Oolong tea is a semi-oxidized tea. It is often considered to be somewhere in betweenGreen andBlack tea,, with both light and dark notes. Different types of Oolongs vary in their levels of oxidation. Traditional styled Oolong tends to be more oxidized than modern style Oolongs. However, both styles are famously known for the ball shape of their dry leaves. This shape comes from the process of rolling the leaves in on rolling machines that roll the leaves in circular motions after the leaves are first withered, oxidized in large spinning bamboo drums which hold the aromatic tea juices and bruise the leave. These processes are meant to extract the juices of the tea leaves and bring them to the surface of the leaves. During this process there are a multitude of chemical reactions that produce different complex flavors and aromas. The leaves are then rolled in cloth sacks by hand and machines which press the leaves with intermittent drying and loosening in order for even more flavor extraction before the leaves are dried.
In the traditional style, once the leaves are dried the dry leaf is roasted most commonly over charcoal fires of woods with a flavor profile with which tea masters desire to enhance the flavor of the tea. Roasting the leaves brings out darker notes and deeper floral notes.
Modern style oolongs are focused on preserving the bright fresh lightness of the leaves and also preserve the greenness in the finished tea. Modern oolong has bright floral flavors and aromas similar to magnolia and lilac, often with a cleansing sour flavor.
Oolong teas are almost exclusively produced in China and Taiwan.
Chinese Oolongs: Fujian Province
Anxi Tie Guan Yin, or Anxi Iron Goddess of Mercy, is a famous Oolong that is ball rolled and enjoyed both roasted and unroasted with a floral aroma and lasting sweet flavor. The liquor color of this tea depends on whether it is roasted. Unroasted, it is green, roasted, it is golden.
Anxi Huang Jin Gui, or Anxi Golden Cassia is a ball rolled Oolong known for the yellow color of its dry leaves and yellow liquor. The flavor of this tea known for its smooth sweetness and lasting nutty taste.
Anxi Ben Shan, or Anxi Original Mountain, is a lightly roasted ball rolled Oolong with a complex flavor of both high and low notes that include floral and nutty tastes.
Anxi Mao Xie, or Anxi Hairy Crab, is a ball roasted Oolong characterized by the hair on its leaves. This tea has a thick, sweet flavor with less floral notes.
Anxi Jin Guan Yin, or Golden Guanyin, is another ball roasted Oolong with bright, slightly sweet vegetal flavors and a sweet mineral aroma.
Wu Yi Da Hong Pao, or Wu Yi Big Red Robe, is a famous Chinese roasted Oolong that is charcoal roasted. This tea has a copper-gold color and sweet fruity roasted flavor.
Wu Yi Shui Jin Gui, or Wu Yi Golden Water Turtle, another roasted Oolong, is noted for its dark chocolate aroma and floral taste. However, this tea does not go bitter.
Wu Yi Tie Luo Han, or Wu Yi Iron Monk, is a roasted Oolong with dark chocolate, roasted, sweet, mineral flavor and creamy aftertaste.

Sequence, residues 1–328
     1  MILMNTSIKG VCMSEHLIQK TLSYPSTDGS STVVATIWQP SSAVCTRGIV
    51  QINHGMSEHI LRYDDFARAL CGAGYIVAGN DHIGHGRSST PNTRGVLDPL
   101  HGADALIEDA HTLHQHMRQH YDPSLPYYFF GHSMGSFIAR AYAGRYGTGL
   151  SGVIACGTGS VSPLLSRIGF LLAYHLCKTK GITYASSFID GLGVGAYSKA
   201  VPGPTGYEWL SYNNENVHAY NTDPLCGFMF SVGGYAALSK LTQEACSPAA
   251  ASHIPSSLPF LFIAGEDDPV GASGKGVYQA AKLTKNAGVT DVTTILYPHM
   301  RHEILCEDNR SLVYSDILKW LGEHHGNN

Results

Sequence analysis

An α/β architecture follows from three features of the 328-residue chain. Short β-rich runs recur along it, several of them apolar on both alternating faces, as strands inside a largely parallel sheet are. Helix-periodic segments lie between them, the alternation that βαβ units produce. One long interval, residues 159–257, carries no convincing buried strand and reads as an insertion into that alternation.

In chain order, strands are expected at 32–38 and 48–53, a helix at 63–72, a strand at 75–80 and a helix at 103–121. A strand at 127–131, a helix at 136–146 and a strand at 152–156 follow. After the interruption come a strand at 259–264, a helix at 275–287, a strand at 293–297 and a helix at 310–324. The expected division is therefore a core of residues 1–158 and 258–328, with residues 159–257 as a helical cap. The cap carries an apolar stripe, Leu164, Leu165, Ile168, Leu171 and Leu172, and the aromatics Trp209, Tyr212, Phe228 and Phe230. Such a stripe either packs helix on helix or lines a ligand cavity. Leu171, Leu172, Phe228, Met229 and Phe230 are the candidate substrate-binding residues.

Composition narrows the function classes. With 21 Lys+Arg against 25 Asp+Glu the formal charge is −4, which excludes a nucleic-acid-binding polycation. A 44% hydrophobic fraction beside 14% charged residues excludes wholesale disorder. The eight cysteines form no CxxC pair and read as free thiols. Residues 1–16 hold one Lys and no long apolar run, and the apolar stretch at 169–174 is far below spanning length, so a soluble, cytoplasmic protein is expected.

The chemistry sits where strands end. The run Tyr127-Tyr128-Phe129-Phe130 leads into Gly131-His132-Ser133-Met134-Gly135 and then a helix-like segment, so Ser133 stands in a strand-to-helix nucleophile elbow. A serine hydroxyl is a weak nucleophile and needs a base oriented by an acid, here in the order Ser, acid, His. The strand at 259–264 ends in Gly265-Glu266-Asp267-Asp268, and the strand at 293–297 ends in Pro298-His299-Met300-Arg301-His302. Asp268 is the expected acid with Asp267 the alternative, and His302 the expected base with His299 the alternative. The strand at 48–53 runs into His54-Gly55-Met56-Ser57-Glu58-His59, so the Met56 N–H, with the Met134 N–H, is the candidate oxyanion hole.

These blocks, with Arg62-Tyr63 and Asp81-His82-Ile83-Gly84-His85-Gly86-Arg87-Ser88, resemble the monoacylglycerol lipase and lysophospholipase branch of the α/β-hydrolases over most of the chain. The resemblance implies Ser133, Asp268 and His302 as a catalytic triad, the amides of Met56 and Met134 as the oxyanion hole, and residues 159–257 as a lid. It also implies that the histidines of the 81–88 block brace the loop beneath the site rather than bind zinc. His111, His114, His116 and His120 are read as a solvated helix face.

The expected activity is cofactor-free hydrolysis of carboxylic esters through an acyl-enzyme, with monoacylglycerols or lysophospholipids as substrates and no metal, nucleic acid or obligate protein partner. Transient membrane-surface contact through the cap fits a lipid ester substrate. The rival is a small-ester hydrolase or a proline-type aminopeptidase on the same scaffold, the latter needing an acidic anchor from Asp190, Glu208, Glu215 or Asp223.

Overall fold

Wu Yi Bai Ji Guan, or Wu Yi White Cockscomb, is characterized by its yellow/brown colored dried leaves. This is a rare Chinese Oolong with a sweet, floral, and fruiting flavor and light liquor.
Wu Yi Rou Gui is a roasted Oolong characterized by its aromatic dry, cinnamon flavors.
Wu Yi Shui Xian is a roasted Oolong known for its refreshing floral flavors and smoothness. This tea is also known for its notes of honey.
Taiwan is in close proximity to China’s Fujian province and is most famous for its Oolong teas. Taiwan is where the modern style of Oolong tea production originated.
Jin Xuan, or Golden Lily, is a famous ball rolled Taiwanese Oolong with light a golden finished leaf color and lightly golden liquor. This tea is known for its creamy viscosity and milky aroma.
Si Ji Chun, Four Seasons of Spring, is a fresh green ball rolled Oolong that is lightly oxidized and lightly roasted. This tea has a mineral, fruity flavor and rich, bright gardenia aroma with a light amber liquor.
Cuiyu, or Green Jade/Emerald Oolong, is a bright green ball rolled Oolong that is lightly oxidized with yellowish green liquor and a floral flavor.
Qing Xin, or Green Heart, is a light green ball rolled Oolong with sweet bright floral aroma and sweet creamy flavor.
Nantou Dong Ding, or Frozen Peak Oolong, is a ball rolled Oolong typically with a slight roast and lower oxidation. This tea has a light color and floral aroma with sweet, creamy, fruity flavor.
Muzha Tie Guan Yin, or Iron Goddess, is a heavy roasted ball rolled Oolong with a deep roasted, minty aroma and a roasted slightly sweet flavor.
Wen Shan Bao Zhong, or Wen Shan Wrapped Kind, is a strip Oolong that is only slightly oxidized, and therefore remarkably green with a light green liquor. This tea has a smooth, toasty, butter flavor with a floral, sweet aroma.
Dong Fang Mei Ren, or Oriental Beauty, is a strip Oolong tea that is heavily oxidized with a goof amount of buds in the finished tea product. This tea has a fruity, floral aroma and famously sweet taste.
Gao Shan, or High Mountain, is a ball rolled Oolong that is less oxidized and unroasted with lighter green colors in the finished leaves and light golden liquor. This tea has sweet milky flavors and a floral aroma.
If you’re a fan of Oolong tea, tell us what you’d like to try and we’ll look into sourcing it! Have a favorite flavor profile? Let us know below!
Check out our Tea-Sources!